In wake of octuplet birth, lawmkers consider embryo implantation limits

Responding to public dismay over the birth of eight babies to a woman undergoing fertility treatment, lawmakers in two states have filed bills that would limit the number of embryos that can be implanted by fertility clinics.

Since California's Nadya Suleman gave birth to octuplets in January, debate has been underway as to whether her fertility doctor was out of line to implant her with six embryos, particularly given her six other children, lack of a job and single status.

Implanting that many fertilized embryos in Suleman goes against the standards set for this procedure by the American Society for Reproductive Medicine. However, at present fertility clinics aren't obligated to follow such standards, and according to recent research by the CDC, only 20 percent of clinics do.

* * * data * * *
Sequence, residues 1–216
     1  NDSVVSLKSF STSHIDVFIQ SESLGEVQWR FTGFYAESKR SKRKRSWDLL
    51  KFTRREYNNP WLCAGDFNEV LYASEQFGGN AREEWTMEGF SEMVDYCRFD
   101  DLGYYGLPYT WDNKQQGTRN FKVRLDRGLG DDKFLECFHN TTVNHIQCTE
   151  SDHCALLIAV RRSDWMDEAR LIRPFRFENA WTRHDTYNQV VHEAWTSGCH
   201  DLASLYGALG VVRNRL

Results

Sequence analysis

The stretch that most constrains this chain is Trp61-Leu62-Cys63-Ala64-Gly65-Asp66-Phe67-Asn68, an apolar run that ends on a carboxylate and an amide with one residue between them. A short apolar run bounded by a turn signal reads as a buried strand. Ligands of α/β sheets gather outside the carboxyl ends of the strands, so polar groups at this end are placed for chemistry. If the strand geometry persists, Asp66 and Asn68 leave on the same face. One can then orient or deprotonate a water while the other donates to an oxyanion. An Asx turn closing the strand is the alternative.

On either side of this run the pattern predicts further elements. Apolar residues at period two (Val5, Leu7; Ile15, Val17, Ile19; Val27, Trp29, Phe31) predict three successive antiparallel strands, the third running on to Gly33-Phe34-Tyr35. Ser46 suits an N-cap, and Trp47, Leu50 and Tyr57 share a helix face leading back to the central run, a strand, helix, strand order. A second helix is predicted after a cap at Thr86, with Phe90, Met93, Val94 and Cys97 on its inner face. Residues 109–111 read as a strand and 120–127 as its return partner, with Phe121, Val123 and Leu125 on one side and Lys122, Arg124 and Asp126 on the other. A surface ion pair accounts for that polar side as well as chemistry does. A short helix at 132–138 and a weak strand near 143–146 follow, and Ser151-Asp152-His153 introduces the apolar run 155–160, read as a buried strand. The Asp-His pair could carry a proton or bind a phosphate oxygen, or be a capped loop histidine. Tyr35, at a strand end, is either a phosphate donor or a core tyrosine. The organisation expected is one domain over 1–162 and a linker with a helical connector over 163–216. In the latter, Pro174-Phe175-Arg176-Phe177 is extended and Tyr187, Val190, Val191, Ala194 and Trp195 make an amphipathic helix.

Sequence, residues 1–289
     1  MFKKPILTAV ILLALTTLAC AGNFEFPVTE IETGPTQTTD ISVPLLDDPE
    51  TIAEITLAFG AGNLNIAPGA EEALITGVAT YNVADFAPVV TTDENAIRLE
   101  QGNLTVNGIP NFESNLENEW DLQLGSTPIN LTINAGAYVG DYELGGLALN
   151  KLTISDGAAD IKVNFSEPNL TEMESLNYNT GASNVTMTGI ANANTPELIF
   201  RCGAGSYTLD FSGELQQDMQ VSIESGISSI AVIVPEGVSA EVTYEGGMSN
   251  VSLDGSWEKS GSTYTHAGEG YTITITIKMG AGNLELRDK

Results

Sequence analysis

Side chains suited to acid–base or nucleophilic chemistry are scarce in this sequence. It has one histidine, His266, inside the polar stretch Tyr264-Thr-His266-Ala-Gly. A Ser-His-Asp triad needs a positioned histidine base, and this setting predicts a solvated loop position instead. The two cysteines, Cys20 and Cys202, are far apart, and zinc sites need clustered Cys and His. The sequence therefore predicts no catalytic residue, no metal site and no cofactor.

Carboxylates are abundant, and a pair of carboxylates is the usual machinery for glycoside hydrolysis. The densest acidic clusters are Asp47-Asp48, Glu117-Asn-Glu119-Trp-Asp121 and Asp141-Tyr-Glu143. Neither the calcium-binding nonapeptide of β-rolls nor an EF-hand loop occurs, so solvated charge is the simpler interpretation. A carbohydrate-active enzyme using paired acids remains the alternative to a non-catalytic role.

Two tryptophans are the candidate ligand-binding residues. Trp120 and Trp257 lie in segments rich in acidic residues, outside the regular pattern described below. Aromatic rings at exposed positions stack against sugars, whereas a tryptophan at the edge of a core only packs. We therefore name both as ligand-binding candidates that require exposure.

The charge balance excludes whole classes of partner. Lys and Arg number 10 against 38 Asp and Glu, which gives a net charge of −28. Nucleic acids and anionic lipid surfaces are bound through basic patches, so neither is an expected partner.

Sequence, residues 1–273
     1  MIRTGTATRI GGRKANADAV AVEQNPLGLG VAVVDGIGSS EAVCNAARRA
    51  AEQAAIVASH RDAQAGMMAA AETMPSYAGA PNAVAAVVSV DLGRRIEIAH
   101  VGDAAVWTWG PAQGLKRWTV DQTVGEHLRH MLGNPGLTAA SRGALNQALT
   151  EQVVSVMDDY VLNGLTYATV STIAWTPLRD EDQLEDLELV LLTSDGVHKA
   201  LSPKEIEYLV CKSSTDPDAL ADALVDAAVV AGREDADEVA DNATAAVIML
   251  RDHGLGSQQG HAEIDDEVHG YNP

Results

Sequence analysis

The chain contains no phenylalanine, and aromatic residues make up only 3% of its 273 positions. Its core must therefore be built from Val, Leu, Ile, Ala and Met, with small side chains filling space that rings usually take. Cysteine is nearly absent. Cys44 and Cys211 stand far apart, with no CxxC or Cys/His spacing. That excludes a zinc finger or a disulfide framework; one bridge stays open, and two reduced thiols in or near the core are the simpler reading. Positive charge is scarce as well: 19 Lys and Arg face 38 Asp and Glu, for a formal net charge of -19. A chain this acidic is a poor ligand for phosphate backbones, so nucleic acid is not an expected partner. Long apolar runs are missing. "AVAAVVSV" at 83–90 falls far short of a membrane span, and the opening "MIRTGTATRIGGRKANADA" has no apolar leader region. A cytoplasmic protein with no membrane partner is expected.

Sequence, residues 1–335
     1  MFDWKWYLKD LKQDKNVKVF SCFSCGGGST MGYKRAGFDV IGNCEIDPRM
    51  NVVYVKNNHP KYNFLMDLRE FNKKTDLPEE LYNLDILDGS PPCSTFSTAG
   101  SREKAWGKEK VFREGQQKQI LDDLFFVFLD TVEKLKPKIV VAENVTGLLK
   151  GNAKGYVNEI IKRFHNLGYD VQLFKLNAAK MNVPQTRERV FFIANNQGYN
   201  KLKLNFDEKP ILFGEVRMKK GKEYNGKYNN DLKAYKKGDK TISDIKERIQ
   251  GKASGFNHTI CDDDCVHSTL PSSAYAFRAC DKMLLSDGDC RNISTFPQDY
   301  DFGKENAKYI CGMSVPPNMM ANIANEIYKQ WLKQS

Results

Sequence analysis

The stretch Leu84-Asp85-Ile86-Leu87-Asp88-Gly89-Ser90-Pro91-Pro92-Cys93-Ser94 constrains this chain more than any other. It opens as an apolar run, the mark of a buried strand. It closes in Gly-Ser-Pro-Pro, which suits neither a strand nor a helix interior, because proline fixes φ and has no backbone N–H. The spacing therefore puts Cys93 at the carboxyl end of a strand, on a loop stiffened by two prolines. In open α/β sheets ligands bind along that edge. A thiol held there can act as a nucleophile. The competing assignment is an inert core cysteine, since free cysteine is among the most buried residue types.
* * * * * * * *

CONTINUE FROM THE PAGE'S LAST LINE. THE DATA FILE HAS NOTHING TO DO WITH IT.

Now, a bill pending in Missouri would seek to enact the ASRM guidelines as law, which include a recommended numbers of embryos that should be implanted in a woman based on her age and prognosis for a successful pregnancy. Typically, that means a limit of two to three embryos for younger women, though those older than 40 could be implanted with up to five.

Meanwhile, a Georgia bill would allow no more than two embryos to be implanted at a single time in any woman younger than 40, and limits the number to three embryos for women over 40.

To learn more about these bills:
- read this Associated Press piece

Suggested Articles

The profit margins and management of Community Health Group raise questions about oversight of managed care insurers.

Financial experts are warning practices about the pitfalls of promoting medical credit cards to their patients.

A proposed rule issued by HHS on Tuesday would expand short-term coverage, a move Seema Verma said will have "virtually no impact" on ACA premiums.